## messages from Harvard

**A**s in Bristol two months ago, where I joined the statistics reading in the morning, I had the opportunity to discuss the paper on testing via mixtures prior to my talk with a group of Harvard graduate students. Which concentrated on the biasing effect of the Bayes factor against the more complex hypothesis/model. Arguing [if not in those terms!] that Occam’s razor was too sharp. With a neat remark that decomposing the log Bayes factor as

log(p¹(y¹,H))+log(p²(y²|y¹,H))+…

meant that the first marginal was immensely and uniquely impacted by the prior modelling, hence very likely to be very small for a larger model H, which would then take forever to recover from. And asking why there was such a difference with cross-validation

log(p¹(y¹|y⁻¹,H))+log(p²(y²|y⁻²,H))+…

where the leave-one out posterior predictor is indeed more stable. While the later leads to major overfitting in my opinion, I never spotted the former decomposition which does appear as a strong and maybe damning criticism of the Bayes factor in terms of long-term impact of the prior modelling.

Other points made during the talk or before when preparing the talk:

- additive mixtures are but one encompassing model, geometric mixtures could be fun too, if harder to process (e.g., missing normalising constant). Or Zellner’s mixtures (with again the normalising issue);
- if the final outcome of the “test” is the posterior on α itself, the impact of the hyper-parameter on α is quite relative since this posterior can be calibrated by simulation against limiting cases (α=0,1);
- for the same reason the different rate of accumulation near zero and one when compared with a posterior probability is hardly worrying;
- what I see as a fundamental difference in processing improper priors for Bayes factors versus mixtures is not perceived as such by everyone;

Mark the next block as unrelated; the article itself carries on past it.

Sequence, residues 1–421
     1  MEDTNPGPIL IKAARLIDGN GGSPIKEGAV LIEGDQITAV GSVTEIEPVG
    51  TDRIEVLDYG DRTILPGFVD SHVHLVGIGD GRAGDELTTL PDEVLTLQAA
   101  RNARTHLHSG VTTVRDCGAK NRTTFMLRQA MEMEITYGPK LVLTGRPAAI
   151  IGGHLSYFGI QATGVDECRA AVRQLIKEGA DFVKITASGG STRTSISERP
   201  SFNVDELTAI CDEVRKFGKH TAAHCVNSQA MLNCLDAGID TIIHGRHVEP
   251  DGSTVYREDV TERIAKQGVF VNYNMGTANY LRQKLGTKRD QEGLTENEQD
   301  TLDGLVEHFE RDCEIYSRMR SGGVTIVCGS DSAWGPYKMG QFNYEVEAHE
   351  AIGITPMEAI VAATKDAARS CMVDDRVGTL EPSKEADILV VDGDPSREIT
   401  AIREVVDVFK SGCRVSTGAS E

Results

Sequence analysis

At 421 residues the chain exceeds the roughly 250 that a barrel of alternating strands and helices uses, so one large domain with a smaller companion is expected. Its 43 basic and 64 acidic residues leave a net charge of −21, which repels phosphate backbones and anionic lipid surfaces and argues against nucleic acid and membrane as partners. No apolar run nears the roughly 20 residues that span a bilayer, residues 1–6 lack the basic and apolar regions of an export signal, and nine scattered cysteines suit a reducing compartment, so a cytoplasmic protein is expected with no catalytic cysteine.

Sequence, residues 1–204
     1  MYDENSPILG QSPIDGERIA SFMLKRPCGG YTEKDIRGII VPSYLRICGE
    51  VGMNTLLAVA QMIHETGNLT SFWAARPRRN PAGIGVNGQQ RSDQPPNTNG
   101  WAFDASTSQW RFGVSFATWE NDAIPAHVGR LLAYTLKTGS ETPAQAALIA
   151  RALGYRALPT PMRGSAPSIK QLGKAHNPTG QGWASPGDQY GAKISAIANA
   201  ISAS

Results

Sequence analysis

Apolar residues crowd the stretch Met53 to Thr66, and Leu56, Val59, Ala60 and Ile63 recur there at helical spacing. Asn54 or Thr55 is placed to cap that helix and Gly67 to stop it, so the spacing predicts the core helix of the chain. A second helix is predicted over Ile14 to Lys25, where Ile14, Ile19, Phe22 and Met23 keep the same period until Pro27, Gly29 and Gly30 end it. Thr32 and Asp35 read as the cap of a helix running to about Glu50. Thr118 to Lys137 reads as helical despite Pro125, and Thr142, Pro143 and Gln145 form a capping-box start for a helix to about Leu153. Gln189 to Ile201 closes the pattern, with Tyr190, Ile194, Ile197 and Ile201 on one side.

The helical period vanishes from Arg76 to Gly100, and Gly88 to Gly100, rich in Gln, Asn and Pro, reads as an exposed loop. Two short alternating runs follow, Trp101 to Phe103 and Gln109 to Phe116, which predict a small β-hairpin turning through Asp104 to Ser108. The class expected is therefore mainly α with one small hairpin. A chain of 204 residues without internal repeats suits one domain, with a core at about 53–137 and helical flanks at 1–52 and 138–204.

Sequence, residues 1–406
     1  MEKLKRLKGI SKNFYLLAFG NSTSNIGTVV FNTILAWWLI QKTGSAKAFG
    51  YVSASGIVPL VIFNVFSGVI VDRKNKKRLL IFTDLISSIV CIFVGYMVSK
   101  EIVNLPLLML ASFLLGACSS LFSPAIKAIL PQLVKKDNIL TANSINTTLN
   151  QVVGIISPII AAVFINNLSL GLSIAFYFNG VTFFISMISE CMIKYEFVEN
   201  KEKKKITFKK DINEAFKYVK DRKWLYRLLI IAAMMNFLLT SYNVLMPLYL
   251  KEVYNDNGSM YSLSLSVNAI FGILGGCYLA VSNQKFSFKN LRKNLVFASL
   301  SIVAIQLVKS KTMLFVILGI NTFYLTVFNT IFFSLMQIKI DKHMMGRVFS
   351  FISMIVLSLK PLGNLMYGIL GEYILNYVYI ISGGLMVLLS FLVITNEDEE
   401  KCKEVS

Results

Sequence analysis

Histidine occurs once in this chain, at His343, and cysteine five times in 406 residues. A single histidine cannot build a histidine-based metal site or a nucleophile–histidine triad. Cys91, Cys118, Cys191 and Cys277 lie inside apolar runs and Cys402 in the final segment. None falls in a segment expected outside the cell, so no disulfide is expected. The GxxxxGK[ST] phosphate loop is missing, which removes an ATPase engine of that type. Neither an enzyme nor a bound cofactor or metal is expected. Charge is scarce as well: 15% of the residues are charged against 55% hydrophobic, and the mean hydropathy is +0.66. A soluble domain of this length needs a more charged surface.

- even a common parameter θ on both models does not mean both models are equally weighted a priori, which relates to an earlier remark in Amsterdam about the different Jeffreys priors one can use;
- the MCMC output also produces a sample of θ’s which behaviour is obviously different from single model outputs. It would be interesting to study further the behaviour of those samples, which are not to be confused with model averaging;
- the mixture setting has nothing intrinsically Bayesian in that the model can be processed in other ways.

April 3, 2016 at 9:25 pm

Hi Christian,

I’m glad you enjoyed your time at Harvard, and thrilled that you found my question about cross-validation thought-provoking. Thank you for pointing out Aki Vehtari’s 2012 survey of Bayesian predictive methods for model assessment, selection and comparison. I’ve been reading his follow-up paper (Comparison of Bayesian predictive methods for model selection), which has answered a lot of my questions, and sets out the problem really nicely. They demonstrate how CV can overfit when selecting between a huge number of models with a small dataset, which makes sense. While they make much less of a point of it, their results also do seem to show that the more stable methods that they recommend (like choosing the maximum-a-posteriori model) have a tendency to *underfit*, which I think is possibly related to the conversation we had.